One of the most powerful aspects of an IRA is that its structure permits you to grow your investments on a tax-deferred (in the case of traditional IRA) or tax-free (in the case of a Roth IRA) basis. With a long-term investment focus, you have the potential to grow your account balance for decades.
But even if the scope of your account is long-term, that doesn’t mean that the time frame for the individual investments within your self-directed IRA necessarily have to be long term. One potentially lucrative investment type with a relatively short-term outlook is flipping houses. And yes, you can make these types of investments with a self-directed IRA.
What is a Real Estate “Flip?” Some investors may not be familiar with the concept of flipping, so let’s first talk a briefly about what exactly that is. Flipping a piece of real estate refers to the process of buying a home and then quickly putting that property back on the market for sale. Between purchase and sale the investor (the “flipper”) may or may not do renovations or other improvements to boost the resale value. But in many cases the opportunity arises simply because the investor believes the property is being sold for less than its true value.
Using Your IRA For Real Estate Investing. Unfortunately, there is a lot of misinformation in the marketplace, and many retirement savers don’t realize that they can use their IRA funds to engage in flipping houses or other real estate investment activities. Federal law explicitly authorizes the use of IRA funds for these investments – any inability to use an IRA to do so is a limitation that’s imposed by many IRA custodians in order to make their job easier. A custodian such as Quest Trust Company will let you make every type of IRA investment that’s permitted by law.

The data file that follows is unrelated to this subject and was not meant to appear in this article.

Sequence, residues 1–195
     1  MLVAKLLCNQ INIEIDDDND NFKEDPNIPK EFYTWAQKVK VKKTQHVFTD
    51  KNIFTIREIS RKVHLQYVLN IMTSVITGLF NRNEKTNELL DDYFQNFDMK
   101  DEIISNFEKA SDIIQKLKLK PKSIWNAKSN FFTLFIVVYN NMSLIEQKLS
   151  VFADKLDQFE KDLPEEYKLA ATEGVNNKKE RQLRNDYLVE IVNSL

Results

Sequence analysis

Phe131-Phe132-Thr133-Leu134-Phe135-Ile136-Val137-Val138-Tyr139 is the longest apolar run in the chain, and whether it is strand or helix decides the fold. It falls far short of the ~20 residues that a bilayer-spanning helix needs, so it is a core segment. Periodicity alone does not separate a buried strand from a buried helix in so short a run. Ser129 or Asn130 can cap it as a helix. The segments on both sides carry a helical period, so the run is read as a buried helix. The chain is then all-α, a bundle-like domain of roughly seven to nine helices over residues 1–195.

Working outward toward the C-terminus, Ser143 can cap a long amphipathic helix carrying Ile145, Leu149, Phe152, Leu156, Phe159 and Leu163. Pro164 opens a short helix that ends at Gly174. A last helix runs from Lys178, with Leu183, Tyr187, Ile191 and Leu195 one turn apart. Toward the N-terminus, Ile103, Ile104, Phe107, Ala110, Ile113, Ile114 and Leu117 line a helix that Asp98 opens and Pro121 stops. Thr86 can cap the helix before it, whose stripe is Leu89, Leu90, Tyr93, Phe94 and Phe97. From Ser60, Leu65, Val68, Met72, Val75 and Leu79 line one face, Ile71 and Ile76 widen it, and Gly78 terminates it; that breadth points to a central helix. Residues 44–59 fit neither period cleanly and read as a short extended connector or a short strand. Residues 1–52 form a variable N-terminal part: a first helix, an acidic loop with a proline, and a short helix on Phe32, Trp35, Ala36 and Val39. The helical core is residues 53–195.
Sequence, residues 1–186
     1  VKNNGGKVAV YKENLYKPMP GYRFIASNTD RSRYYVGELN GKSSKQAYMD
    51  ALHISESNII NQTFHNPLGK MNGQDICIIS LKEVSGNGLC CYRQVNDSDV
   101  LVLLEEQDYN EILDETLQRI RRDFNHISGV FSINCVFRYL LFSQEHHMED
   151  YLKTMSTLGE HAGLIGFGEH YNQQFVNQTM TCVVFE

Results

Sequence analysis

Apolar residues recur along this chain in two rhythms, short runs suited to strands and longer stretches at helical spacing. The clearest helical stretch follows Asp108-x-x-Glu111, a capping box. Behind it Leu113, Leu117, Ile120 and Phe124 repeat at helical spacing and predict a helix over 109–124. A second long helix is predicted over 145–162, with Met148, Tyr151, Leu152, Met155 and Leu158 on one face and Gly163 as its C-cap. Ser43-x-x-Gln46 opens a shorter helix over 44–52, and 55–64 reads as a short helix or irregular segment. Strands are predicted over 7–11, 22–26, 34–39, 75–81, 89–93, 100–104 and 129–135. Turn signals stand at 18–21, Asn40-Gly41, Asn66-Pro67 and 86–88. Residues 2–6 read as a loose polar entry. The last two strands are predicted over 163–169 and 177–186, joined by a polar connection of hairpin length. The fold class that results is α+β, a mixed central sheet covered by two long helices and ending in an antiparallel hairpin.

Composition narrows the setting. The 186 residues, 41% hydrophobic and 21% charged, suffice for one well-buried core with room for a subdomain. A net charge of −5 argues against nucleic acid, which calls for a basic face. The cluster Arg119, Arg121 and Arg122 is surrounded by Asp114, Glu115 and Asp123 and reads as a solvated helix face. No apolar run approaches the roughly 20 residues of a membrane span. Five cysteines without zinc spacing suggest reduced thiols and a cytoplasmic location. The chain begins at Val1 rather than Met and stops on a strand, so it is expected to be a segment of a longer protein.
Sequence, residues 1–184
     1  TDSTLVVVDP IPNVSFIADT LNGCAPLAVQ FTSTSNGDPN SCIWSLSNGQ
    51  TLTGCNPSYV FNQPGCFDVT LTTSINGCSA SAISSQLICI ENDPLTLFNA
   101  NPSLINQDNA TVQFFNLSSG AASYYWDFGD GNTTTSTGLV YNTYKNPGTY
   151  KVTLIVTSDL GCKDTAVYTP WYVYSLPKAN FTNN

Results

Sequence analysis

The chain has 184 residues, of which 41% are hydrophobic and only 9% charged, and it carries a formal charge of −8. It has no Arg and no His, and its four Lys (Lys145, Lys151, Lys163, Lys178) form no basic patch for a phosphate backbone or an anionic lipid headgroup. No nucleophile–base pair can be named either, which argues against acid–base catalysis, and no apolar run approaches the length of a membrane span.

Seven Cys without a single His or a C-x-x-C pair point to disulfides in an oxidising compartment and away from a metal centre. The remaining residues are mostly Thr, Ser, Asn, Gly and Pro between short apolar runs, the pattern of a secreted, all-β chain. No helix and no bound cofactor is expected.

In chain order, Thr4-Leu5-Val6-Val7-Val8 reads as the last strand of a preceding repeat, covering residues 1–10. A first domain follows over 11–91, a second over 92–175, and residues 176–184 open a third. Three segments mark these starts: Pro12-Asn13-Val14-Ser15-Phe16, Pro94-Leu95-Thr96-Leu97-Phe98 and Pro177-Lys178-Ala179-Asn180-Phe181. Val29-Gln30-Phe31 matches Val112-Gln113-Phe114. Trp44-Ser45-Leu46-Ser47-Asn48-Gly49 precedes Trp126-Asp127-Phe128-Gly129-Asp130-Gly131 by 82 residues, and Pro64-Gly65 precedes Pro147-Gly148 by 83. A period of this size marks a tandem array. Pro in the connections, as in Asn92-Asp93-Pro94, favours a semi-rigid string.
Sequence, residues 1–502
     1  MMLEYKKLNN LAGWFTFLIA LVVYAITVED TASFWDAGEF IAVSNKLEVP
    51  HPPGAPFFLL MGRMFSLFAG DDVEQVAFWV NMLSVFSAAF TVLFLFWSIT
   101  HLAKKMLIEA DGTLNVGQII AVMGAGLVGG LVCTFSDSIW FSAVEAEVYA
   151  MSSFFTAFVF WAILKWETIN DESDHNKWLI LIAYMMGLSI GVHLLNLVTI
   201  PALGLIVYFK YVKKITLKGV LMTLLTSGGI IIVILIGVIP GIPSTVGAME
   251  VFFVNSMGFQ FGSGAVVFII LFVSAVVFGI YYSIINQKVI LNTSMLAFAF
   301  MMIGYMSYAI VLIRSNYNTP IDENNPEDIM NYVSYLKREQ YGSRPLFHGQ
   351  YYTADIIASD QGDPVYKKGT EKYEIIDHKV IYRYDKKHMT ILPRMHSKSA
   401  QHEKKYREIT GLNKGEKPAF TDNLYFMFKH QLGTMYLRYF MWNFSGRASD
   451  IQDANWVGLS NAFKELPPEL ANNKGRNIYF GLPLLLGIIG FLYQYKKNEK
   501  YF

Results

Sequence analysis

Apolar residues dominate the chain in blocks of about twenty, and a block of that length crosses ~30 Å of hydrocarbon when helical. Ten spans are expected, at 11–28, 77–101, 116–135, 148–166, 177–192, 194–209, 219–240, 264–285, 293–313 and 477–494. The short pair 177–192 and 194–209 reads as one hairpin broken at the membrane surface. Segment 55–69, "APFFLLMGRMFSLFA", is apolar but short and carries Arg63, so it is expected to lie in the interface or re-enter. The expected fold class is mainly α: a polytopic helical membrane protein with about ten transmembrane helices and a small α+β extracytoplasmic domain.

A Few Words About Leverage. Depending on the balance in your self-directed IRA, you may be able to flip real estate as an investment strategy by using cash for all of your purchase transactions. Doing so would certainly make the process go more quickly, thereby potentially allowing you to engage in more transactions and boost your returns.
But if you choose to use leverage by borrowing money to purchase real estate for flipping, it’s important to understand that you may be incurring a current year tax liability because of that borrowing. Using leverage to make investments within an IRA can generate what’s known as “unrelated business taxable income.” And unlike other types of income you generate with your IRA, unrelated business taxable income is not tax exempt
Finally, if you’re considering flipping houses with your self-directed IRA, make sure to go into each transaction well educated and well prepared. Real estate investing (and flipping in particular) might be fun and exciting, but it’s still investing. So if you’re not already experienced with this type of investment, start with smaller transactions and proceed cautiously until you learn more.